Centre-right think tank the Bow Group has called for a delay to the privatisation of Royal Mail to encourage public and industry support and generate value for the taxpayer.
In a paper by Ben Harris-Quinney, the think tank cites a commissioned YouGov poll showing just 53 per cent of the public are aware of privatisation plans, and 67 per cent are opposed to the move. The figures, says Harris-Quinney, should be of great concern to supporters of the Privatisation Bill, but are not impossible for the Conservative Party to overcome.
Since 2011, when the Postal Services Act was passed setting privatisation in motion, there has been little public debate about its merits, largely due to support from all three parties. It is important that the government “pause and consider the implications of privatisation at this time” and that a comprehensive, free and public debate is heard, Harris-Quinney says.
The paper also puts forward arguments for and against privatisation. Arguing for, Tory MP Michael Fallon concludes that giving Royal Mail access to private sector capital will ensure that the company has a “sustainable and viable long term future” and ensure we continue to have access to a high quality universal postal service (read full arguments here).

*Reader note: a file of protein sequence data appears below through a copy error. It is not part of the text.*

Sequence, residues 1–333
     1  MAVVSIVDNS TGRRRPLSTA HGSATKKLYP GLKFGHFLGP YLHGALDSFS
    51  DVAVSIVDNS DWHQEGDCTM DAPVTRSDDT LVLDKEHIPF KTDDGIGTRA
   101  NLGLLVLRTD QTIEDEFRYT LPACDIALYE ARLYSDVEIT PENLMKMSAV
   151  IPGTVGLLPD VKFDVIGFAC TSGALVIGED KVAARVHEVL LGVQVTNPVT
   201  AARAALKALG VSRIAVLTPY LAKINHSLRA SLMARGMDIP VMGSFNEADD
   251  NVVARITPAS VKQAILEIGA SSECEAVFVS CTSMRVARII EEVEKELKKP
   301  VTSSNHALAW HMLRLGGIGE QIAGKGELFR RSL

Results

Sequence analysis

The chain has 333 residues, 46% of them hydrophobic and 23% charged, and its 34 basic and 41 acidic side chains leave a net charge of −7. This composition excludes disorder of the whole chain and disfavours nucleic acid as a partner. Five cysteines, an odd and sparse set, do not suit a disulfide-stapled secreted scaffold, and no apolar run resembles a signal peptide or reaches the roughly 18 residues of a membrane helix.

Arguing against, campaign director of saveourroyalmail.org Mario Dunn says the sale will mark “the beginning of the end of Royal Mail as we know it”, saying that it is “inconceivable” that a business operating for shareholder return will want to maintain a loss running rural services, meaning cutbacks in these areas affecting residents and small businesses.
Business secretary Vince Cable is expected to announce details of the privatisation later today. The sale is likely to value the business at £2bn to £3bn with at least ten per cent of shares set aside for workers.